Two of the circus employees were near by and from their talk Fred learned that the showbill man was the proprietor of the circus.
"He certainly must be a one-horse fellow, or he wouldn't be throwing out his own showbills," said Sam, on hearing this.
Frozzler wore a soft hat, and as he stood near the monkey cage Tom threw some peanuts into the crown of the head covering.
Instantly the monkeys crowded forward. One seized a peanut and another, to get the rest of the nuts, caught hold of the hat and pulled it into the cage.
"Hi! give me my hat!" roared Giles Frozzler, and put his hand into the cage to get the article in question.
The monkeys thought he had more peanuts and, being half starved, they grabbed his hand and pulled it this way and that, while one gave the man a severe nip.
"Oh! oh!" screamed the circus man. "Let go my hand, you pesky rascal!"
"Hullo, dat monkey am got a limb dat don't belong to no tree," sang out Aleck.
"You shut your mouth!" growled Frozzler "Hi! give me my hat!" he went on to the monkeys. But the animals paid no attention to him. They ate up the peanuts as fast as they could and then one began an investigation by pulling the band from the hat.
The head covering was a new one, purchased but two days before, and to see it being destroyed made Giles Frozzler frantic.
"Give me that, you rascals!" he roared, and began to poke at the monkeys with a sharp stick. But two of them caught the stick and, watching their chance, jerked it away from him.
"Hurrah! score one for the monks!" sang out Tom, and this made the crowd laugh.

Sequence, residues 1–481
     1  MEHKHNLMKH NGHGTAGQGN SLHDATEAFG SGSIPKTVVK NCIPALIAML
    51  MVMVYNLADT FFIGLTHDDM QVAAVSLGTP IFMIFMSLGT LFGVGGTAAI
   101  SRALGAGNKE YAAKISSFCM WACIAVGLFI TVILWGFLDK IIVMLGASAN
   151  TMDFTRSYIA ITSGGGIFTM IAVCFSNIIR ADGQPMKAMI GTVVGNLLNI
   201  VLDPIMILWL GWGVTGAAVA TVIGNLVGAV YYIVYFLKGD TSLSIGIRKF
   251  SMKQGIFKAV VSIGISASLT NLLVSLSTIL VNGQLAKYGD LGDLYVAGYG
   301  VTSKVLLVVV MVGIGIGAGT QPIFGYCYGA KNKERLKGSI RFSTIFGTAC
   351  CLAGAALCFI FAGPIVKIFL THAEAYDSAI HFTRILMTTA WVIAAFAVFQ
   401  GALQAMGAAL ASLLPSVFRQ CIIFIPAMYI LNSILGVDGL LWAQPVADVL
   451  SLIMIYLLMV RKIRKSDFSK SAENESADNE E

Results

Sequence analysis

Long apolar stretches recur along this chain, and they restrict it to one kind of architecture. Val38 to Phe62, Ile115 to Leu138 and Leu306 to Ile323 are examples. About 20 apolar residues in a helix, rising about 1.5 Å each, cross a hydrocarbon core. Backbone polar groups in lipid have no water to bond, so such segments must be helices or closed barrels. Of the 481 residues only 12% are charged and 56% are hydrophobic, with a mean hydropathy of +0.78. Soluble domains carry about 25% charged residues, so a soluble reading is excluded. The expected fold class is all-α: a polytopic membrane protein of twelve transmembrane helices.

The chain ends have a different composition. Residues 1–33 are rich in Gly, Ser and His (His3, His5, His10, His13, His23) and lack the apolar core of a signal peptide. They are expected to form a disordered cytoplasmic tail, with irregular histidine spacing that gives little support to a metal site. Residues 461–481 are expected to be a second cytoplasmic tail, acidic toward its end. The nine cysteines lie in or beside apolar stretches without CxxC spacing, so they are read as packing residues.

"If you don't shut up I'll have you put out," came angrily from Giles Frozzler.
"Why don't you buy hats for the pool' dear monkeys?" went on Tom. "Then they wouldn't want yours."
"Oh, you keep quiet!"
"Those monkeys are about starved," said Sam. "Let us get up a subscription for their benefit. I don't believe they have had a square meal in a year."
"All of the animals look starved," said Dick, loudly.
"Dat am a fac'," added Aleck.
"This is a bum show," cried a burly farmer boy standing close by. "Why, they have more animals nor this in a dime museum."
"Will you fellows shut up?" cried Giles Frozzler. "This show is all right."
"Of course you'd say so--you're the feller wot put out them bills," said the burly country boy.
"If you don't like the show you can get out."
"All right, Mr. Billman, give me back my quarter."
"Yes, give me my quarter and I'll go too," put in one of the shopkeepers of Oak Run.
"And so will I go," added a woman.
"Me, too," came in a voice from the rear of the crowd.
"Oh, you people make me tired," grumbled Giles Frozzler, and then, fearing that the people would really demand their money back he sneaked off, leaving the monkeys to continue the destruction of his head covering.